David Vye, MWJ Editor
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David Vye is responsible for Microwave Journal's editorial content, article review and special industry reporting. Prior to joining the Journal, Mr. Vye was a product-marketing manager with Ansoft Corporation, responsible for high frequency circuit/system design tools and technical marketing communications. He previously worked for Raytheon Research Division and Advanced Device Center as a Sr. Design Engineer, responsible for PHEMT, HBT and MESFET characterization and modeling as well as MMIC design and test. David also worked at M/A-COM's Advanced Semiconductor Operations developing automated test systems and active device modeling methods for GaAs FETs. He is a 1984 graduate of the University of Massachusetts at Dartmouth, with a concentration in microwave engineering.

MWC - the week after

February 25, 2011
Everyone who "does" trade shows knows how a week away from the office and three days of back to back meetings can put you in the weeds. So while Richard Mumford and I have posted our show wrap-up and impressions earlier this week, I've been playing catch up on a number of fronts, including at least one more intended blog about events from Mobile World Congress. So here's some more on what we did not cover so far. For the complete Journal coverage of MWC try the links below.

MWC news and twitter feed

see Richard's wrap-up

David's MarketWatch

My networking started Sunday, the day before my first day at MWC, in an Irish bar on La Rambla where we met VP of Sales John Loia and Kevin Dobis, American/EMEA Director of Sanjole. Chances are that during MWC week, if the person next to you in a restaurant or bar isnt a native, they are there for the congress. John and Kevin were great guys to hang with (and sing anthems with under pressure for the Irish), but they also represent an interesting company, Sanjole. Turns out that John is an old hand in the industry with over 20 years experience selling telecom test equipment to chip manufacturers, network equipment manufacturers and service providers and tenure at well-known industry leaders such as Spirent Communications, TTC and Hekimian.

Sanjole makes the WaveJudge WiMAX and 3GPP LTE test system. This test system determines what messages were sent, what events occurred, and the timing of those messages and events. Diagnosing the root causes of problems between layers often takes hours, days or even weeks, resulting in delays in certification, late deployment, reduced credibility, added costs and lost revenue for network providers.

The WaveJudge 4900 architecture supports four independent ports. Each can be configured as either a receive (RX) or transmit (TX) port, supports AGC to allow accurate reception of DL/UL signals with a wide range of power levels, and has its own radio and internal resources. In addition, the ports can be driven either from the same or from separate low-noise highly accurate oven-controlled crystal oscillators (OCXOs), providing maximum flexibility in test configurations requiring multiple ports, such as:

  • Tower handover

  • Multiple-input multiple-output (MIMO) solutions including transmit diversity, spatial multiplexing, and UL Collaborative with rank measurements

  • Co-channel interference across multiple sectors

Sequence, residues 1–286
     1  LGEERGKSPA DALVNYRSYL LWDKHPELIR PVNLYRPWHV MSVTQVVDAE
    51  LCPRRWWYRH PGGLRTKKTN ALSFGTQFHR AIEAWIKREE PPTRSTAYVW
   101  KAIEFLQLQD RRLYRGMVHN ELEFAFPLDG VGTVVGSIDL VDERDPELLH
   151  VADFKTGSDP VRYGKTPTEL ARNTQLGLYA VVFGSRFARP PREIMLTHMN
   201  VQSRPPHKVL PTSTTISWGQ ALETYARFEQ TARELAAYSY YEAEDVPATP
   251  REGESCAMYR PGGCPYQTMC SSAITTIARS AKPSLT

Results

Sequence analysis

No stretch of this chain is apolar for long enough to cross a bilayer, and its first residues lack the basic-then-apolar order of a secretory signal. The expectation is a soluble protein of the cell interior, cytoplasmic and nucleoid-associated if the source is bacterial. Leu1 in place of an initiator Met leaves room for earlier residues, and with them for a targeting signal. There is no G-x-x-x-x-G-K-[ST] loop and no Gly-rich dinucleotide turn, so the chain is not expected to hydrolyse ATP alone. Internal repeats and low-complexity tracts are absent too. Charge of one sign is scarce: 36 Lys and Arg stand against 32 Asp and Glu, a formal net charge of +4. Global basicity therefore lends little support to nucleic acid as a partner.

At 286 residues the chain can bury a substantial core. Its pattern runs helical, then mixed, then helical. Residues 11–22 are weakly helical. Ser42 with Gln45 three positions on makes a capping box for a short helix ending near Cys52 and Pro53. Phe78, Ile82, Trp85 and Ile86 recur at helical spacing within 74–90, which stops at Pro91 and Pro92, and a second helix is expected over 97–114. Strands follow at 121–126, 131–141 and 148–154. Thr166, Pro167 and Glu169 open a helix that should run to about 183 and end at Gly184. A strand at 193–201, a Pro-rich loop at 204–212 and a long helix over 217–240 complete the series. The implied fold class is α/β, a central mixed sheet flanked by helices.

Check out the company and their products at: http://www.sanjole.com/index.htm

here's a summary of meetings that did not make the show wrap-up

Monday Afternoon

- meeting with Steve Caliguri of Acorn Technologies. Steve is now out in sunny La Jolla California but he's an ex-east coaster with plenty of knowledge about the microwave industry nestled on and around Route 128 in Massachusetts. As VP of Biz dev, Steve wanted to introduce me to the company's HellaPHY technology a set of advanced signal processing algorithms designed to improve the reception of OFDM, the digital modulation scheme of WiMAX, LTE and Wi-Fi by significantly improving the channel estimation.

HellaPHY allows for equal-or-higher modulation-coding sets at any given point in a cellular network. For example, at some location a modem using a conventional OFDM PHY may only allow for QPSK due to high mobility and interference from other users. At this same point in the cell, a modem using an OFDM HellaPHY™ can allow for higher-rate 16-QAM or 64-QAM. Such gains in capacity can greatly impact an operator’s bottom line, and such improvements in data rate allow for attractive product differentiation.

see more at: http://acorntech.com/

- met with Skyworks and Thomas Richter, Sr. marketing director for Front-end solutions. I run into Thomas yearly at MWC, he is a knowledgable and colorful guy with no shortage of opinions about technology and market trends... and the shortcomings of his competitors, which we will keep off the record. Its always a pleasure to spend some time with Thomas and so I was happy to save this meeting for the end of the day, when I wouldnt have to rush off to another meeting.

The company's big show announcement was the introduction of a new family of antenna switch modules (ASM) for dual- and triple-mode smart phones, tablets and datacards. These devices are based on both gallium arsenide (GaAs) and silicon-on-insulator (SOI) technologies, targeting a wide range of applications from low-cost 3G handsets to HSPA+/LTE-enabled datacentric devices such as high-end smart phones, data dongles and tablets, all of which require design flexibility, high performance and cost-effective architectures.

The short of our market conversation was that the RF front-end for mobile device market is extremely strong with enormous growth potential and fabs cranking at full speed to keep up with demand.

to be continued....

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